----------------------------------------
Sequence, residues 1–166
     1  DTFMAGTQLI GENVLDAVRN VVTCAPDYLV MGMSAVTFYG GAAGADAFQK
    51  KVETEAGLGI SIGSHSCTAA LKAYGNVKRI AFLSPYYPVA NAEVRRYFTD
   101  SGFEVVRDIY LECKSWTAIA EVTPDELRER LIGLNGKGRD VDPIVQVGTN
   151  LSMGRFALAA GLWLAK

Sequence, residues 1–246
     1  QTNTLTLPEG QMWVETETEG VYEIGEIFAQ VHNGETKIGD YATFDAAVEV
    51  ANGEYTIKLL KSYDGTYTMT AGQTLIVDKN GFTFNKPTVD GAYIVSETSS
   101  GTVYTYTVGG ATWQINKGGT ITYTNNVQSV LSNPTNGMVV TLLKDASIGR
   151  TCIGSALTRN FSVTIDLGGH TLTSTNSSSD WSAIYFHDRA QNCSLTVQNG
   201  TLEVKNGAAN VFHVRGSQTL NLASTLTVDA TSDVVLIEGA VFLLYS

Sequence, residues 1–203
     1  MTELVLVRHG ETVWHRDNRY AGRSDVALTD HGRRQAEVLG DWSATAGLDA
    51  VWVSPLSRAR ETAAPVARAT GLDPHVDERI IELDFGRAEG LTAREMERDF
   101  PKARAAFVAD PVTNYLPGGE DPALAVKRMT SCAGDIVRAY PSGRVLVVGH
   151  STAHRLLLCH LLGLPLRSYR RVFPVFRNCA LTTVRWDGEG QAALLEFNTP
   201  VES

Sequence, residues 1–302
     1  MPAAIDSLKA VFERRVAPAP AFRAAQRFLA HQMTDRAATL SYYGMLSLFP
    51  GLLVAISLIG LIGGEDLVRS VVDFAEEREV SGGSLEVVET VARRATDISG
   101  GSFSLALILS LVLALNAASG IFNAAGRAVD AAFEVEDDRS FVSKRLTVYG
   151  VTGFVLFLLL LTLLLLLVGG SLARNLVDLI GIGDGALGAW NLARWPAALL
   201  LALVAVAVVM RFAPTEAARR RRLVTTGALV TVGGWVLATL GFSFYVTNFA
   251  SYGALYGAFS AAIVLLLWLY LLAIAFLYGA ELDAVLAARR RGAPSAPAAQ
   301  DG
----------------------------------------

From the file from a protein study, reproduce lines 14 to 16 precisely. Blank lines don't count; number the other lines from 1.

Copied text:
    51  VWVSPLSRAR ETAAPVARAT GLDPHVDERI IELDFGRAEG LTAREMERDF
   101  PKARAAFVAD PVTNYLPGGE DPALAVKRMT SCAGDIVRAY PSGRVLVVGH
   151  STAHRLLLCH LLGLPLRSYR RVFPVFRNCA LTTVRWDGEG QAALLEFNTP